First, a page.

Notes from night school Parents: An outline of what 300 adults learned about their children's education the other evening.

The Education Beat

September 24, 1997|By Mike Bowler | Mike Bowler,SUN STAFF

ROUGH NOTES from Back-to-School Night at Pot Spring Elementary School, deep in the heart of Timonium:

Find parking space a block from school. Bake sale in lobby, enough sweets to fatten an army.

Debbie Ross, new PTA president, calls maybe 300 parents to order at 7: 06. A little nervous, but warms to the task. Tells about how she got involved in PTA activities, urges other parents to be active.

No additions or corrections to Secretary Terri Murphy's minutes from last spring. No questioning of Treasurer Debbie Hood's 1997-1998 budget. Moved, seconded and approved by acclamation: $21,900 income, including $9,000 (!) from the sale of gift wrap; $21,900 in expenses, including $3,850 for "classrooms" and $2,500 under "cultural."

Note to self: "PTA no longer small-time. Big business."

Principal Paul E. Murrell. Thirty-sixth year in Baltimore County education, starting his third at Pot Spring. Seen more opening days than Cal Ripken. Murrell, 62, brought in as a peacemaker after a 1994 parent revolt over reading instruction.

Latecomers stand at back as Murrell introduces teachers and Joan Belt, assistant principal. Appreciative applause for all. Teachers, dressed up a little more than usual, leave to set up their classrooms.

Murrell's good. Funny and serious at the same time. Says he and Belt "think almost the same, but I make more than she does."

Changes? Yes and no, principal says. "The tried and true from many years ago are just as important today."

Says Pot Spring won't tolerate invented spelling. "Close enough isn't good enough here." Also rejects anyone who protests kids coming home with red correction marks on their papers. "If we don't tell them what they're doing wrong, we're not doing our job. Your bosses tell you what you're doing wrong. My boss is always telling me what I'm doing wrong." Laughter.

Murrell notes that Pot Spring has a constituency of maybe 1,500 -- 1,100 parents and relatives, plus employees, community leaders, politicians, neighbors. "Everyone, especially you parents, are entitled to question what we do."

Murrell tells parents how to call him at home with complaints or concerns, "and when you do, don't apologize." Says he got 20 calls last year and didn't resent a one.

Note to self: How many principals invite parents to call them at home?

Assistant Principal Belt, using overhead projector, shows parents results of kindergarten and first-grade reading tests last year. Scores excellent.

Belt: "We know this is just one test, and we know there's work to do. But we're doing something right. You're doing something right, you parents. Our children learned a lot last year." Heads nod in agreement.

Parents disperse to meet teachers. Tonight isn't for individual conferences; rather, to get a general idea what's in store. Room 24: Mary Salvatierra, 29, greets parents with smiles, invites them to sit at their first-graders' desks.

Salvatierra's enthusiasm shows. Goes over first-grade handbook. Parents' posteriors not suited for tiny chairs. Neither is Education Beat's. Familiar storybooks to come: "Goldilocks and the Three Bears" and "The Three Billy Goats Gruff." Unfamiliar: "There's an Alligator Under My Bed" and "Watch Out for Chicken Feet in Your Soup."

Note to self: First-graders reading real literature. We didn't in 1947.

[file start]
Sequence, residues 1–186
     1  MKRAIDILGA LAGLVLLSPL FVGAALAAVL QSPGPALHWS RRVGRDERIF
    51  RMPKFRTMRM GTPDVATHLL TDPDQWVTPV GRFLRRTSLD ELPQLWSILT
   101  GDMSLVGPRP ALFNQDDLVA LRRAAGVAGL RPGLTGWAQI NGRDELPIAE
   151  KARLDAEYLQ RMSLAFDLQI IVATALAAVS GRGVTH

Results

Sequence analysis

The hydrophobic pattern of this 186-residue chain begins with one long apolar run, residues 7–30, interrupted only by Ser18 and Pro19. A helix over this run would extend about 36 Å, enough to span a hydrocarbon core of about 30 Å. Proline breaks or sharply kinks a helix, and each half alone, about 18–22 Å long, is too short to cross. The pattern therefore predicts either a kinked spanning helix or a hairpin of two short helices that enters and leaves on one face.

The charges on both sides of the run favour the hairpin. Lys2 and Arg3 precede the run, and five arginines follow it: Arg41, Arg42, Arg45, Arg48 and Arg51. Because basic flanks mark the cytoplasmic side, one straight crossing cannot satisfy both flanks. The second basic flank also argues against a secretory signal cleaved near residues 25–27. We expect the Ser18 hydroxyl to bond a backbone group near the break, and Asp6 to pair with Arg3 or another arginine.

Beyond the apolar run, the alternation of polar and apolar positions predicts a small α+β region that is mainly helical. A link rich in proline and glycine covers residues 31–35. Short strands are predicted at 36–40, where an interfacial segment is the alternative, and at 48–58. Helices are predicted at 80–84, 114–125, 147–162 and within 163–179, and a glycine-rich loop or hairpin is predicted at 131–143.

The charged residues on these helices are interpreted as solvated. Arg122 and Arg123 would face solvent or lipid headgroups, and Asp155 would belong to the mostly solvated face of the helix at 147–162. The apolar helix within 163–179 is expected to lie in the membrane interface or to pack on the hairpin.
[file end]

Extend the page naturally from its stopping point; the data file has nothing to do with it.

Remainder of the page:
$325 worth of school data is available on the Web

If you choked on the $325 price for the three-volume "State of Baltimore's Schools," released during the summer by Advocates for Children and Youth, take heart. It's now on the World Wide Web ( Anyone with access to the Internet can tap into this mammoth collection of city school data.

Scrolling through Volume II the other day, we came across a school motto that wins our award for originality and humor. The motto for Carver Vocational-Technical High School: "Carverites Are Truly a Cut Above."

Centennial Spanish teacher has students' numbers

This is the ultimate in homework.

Evelyn da Costa, a Spanish teacher at Centennial High School in Howard County, calls her students at home at a prearranged evening time and requires each to converse with her for at least three minutes -- in Spanish.

Students in da Costa's advanced Spanish classes choose their topics. "It's usually vacations or what's happening in their families," says da Costa, who came up with the idea as a "good way to touch base and have genuine conversations, one-on-one."

Da Costa grades her students on their performances, but she often asks them to suggest a grade. "They tend to be harder on themselves than I am," she says.

The teacher concedes that a scrutinized conversation in a foreign language "can be nerve-racking, but I've never had a student refuse to do it."

Some educational toys that pass the test

The National Association for Gifted Children is out with its educational toy list for 1997. Here are some of the organization's recommended toys that it says are "fun, educational and stand the test of time": Alien Slime Lab (Educational Insights, $19.95). As aspiring scientists investigate the martian "remains" included in this kit, they learn about basic scientific properties.

Blurt (Patch Products Inc., $25). This game challenges players (individually or in teams) to be the first to blurt out the answer.

Explore Your Awesome Senses (Nova/Curiosity Kits, $20). Kids explore olfactory sensations as well as their four other senses.

Magnetic Poetry for Kids (Magnetic Poetry, $19.95). More than 350 magnets, each printed with a word or word fragment, for kids who want to create poetry on the refrigerator.

Pub Date: 9/24/97

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